Taleah Williams stood at the end of the runway, preparing herself to take flight. She arched her torso backwards, then propelled it forward, sprinting, knees high, before taking off at the line and landing feet first in the sand.
From the looks of it, Williams was all business at the Paralympic Games Rio 2016. Game face on, she jumped six times, walking away with a Paralympic best of 5.17 meters. At her very first appearance in international competition, she placed fifth.
It was a respectable outing for a rookie. But on the inside, Williams was terrified.
“I was scared. I’d never done anything like that, didn’t know anybody,” she said. “I’d never left the country, never competed against other people like me.”
Williams has come a long way since Rio. Today, she’s a long jump world champion preparing for this summer’s Paralympic Games in Tokyo, where she’ll be in the spotlight as she attempts to nab her first Paralympic medal. But can she once again put aside her fears and perform her best when it matters most?
It wasn’t clear from the beginning that attention and success would be a package deal in track and field. Instead, it was just something to do — Williams’ mother enrolled her in a track club in their native Norfolk, Nebraska, as a young kid, and she started jumping right away. “I’ve just been doing that since super young, I think first or second grade,” she said.
Williams, who was born without her lower left arm, continued to run and played basketball in high school before becoming a long jump specialist at the University of Nebraska. She always competed against able-bodied runners, and didn’t know Para sports were an option until someone spotted her at a meet and approached her coach, who relayed the message to Williams.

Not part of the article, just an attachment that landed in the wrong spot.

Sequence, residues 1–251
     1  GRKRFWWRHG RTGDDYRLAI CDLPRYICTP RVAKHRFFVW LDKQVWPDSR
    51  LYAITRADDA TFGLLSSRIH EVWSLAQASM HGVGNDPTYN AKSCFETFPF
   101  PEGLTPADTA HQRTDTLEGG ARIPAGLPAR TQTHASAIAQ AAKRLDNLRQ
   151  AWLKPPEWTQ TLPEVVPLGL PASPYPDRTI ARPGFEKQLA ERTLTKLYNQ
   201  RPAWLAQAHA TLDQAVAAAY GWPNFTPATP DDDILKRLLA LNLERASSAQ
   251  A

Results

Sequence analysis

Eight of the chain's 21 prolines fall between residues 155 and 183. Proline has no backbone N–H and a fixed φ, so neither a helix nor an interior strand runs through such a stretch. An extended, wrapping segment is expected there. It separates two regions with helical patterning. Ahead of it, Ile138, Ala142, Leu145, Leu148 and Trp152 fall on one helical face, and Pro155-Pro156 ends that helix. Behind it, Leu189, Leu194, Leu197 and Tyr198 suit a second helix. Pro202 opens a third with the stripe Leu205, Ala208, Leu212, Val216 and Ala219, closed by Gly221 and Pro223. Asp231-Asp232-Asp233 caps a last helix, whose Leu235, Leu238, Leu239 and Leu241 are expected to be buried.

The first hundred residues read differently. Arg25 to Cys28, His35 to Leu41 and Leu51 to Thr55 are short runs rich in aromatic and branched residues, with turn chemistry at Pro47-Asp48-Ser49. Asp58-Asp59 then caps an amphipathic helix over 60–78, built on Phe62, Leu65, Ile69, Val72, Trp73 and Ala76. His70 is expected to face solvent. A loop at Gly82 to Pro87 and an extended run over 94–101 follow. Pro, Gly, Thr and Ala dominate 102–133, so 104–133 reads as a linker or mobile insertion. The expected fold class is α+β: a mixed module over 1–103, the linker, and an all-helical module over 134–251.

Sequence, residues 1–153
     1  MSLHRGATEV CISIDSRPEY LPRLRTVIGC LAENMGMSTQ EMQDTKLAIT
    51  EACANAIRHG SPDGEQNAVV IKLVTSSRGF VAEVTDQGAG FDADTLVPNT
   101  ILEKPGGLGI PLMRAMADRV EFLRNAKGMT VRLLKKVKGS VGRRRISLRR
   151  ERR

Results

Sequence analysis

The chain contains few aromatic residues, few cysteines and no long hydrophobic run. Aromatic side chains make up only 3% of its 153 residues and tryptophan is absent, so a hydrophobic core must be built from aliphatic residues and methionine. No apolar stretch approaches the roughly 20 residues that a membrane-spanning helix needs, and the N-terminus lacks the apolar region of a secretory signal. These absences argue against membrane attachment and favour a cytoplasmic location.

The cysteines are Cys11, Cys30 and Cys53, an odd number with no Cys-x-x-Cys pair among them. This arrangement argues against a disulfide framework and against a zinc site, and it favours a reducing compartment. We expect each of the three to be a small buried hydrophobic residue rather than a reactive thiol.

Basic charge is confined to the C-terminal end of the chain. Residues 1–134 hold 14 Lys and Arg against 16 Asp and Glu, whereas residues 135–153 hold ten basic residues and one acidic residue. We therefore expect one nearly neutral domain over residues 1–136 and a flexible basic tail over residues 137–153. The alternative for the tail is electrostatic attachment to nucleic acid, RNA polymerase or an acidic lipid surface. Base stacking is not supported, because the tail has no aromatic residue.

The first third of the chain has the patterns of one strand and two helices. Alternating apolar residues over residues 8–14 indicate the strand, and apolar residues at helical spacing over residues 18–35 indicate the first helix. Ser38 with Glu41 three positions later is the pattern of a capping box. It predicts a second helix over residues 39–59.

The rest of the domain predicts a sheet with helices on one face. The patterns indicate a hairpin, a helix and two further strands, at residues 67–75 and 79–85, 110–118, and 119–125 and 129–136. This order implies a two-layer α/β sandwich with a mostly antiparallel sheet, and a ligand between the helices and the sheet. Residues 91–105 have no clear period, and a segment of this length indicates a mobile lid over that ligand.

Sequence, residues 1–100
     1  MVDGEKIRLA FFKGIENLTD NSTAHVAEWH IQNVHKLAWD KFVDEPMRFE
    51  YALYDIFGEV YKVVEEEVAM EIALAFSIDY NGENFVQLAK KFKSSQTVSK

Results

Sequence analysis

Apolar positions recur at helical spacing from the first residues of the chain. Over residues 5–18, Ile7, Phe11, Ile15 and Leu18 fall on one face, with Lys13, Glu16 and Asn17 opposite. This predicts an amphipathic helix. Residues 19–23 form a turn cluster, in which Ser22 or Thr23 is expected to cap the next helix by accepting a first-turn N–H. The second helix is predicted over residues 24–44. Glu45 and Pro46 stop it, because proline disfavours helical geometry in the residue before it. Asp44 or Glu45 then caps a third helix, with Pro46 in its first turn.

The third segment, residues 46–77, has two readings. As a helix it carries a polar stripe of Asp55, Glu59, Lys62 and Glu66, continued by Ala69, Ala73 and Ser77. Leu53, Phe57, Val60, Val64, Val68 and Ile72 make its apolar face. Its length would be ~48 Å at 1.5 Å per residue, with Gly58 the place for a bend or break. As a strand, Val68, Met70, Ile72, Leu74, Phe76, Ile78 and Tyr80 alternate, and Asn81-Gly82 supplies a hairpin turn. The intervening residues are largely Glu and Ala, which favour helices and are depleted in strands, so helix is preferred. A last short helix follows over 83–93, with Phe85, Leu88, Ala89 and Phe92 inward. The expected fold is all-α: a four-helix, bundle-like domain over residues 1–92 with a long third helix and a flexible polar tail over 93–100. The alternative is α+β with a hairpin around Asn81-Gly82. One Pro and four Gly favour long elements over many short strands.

Just four months later, she was in Rio, with all eyes on her.
“I think I found out about (Para sports) in April of ‘16,” she said, before getting classified as an F47 at a meet in Chicago. Then, she went to trials, and “made the team that weekend.”
Rio was a whirlwind for someone like Williams. “I was just scared just because I’m not good at meeting new people and doing new things,” she said. But then, “It ended up being a lot of fun,” she said. Williams connected with her teammates, with whom she’d spent a week in Houston before the Games. She still meets them at training camps, and always rooms with the same teammate.
Her next stop was the 2017 world championships in London, where she would face an even greater challenge: Williams said that in London, Para track crowds were known for making a loud, supportive atmosphere. And while she called this experience “scary,” at the same time, she said, “that was the best part.” She won a gold medal with a 5.27-meter jump.
Now 23 and a graduate of Doane College, where she transferred halfway through her college career, Williams looks forward to 2021 as a seasoned, more confident athlete.
“I’ve been out of the country now multiple times, I know my teammates, I know the people I’m competing against,” she said. “It makes the nerves less frazzled.”
After struggling with motivation when the Games were postponed last year, now Williams also has renewed focus, working full time at an optometrist’s office and training after work.
“It makes for really long days,” she said. “But I do what I do I guess.”
In the minimal spare time she has, she spends time with her new cat Ripley, and makes bracelets.
Williams wants a Paralympic medal. “I want to do the world record as well,” she said. She hopes to compete through the 2028 Games in Los Angeles— “I think that would be a lot of fun” — before retiring, when she plans to go back to school and have a career in medicine. At the end of the day, though, “my goal is always just to compete the best,” she said, “whether that leaves me on top or not on top.”
Having a career in the spotlight can be scary. But it’s something Williams has had to overcome in order to follow her calling. Indeed, when asked why she likes long jump, she said, “It’s like I’ve been doing it for so long, that it’s all I know.” She laughed at herself trying to think up a better answer.
“I think I’ve always just been drawn to it,” she said. “You get to land in sand … you can’t pass that up.”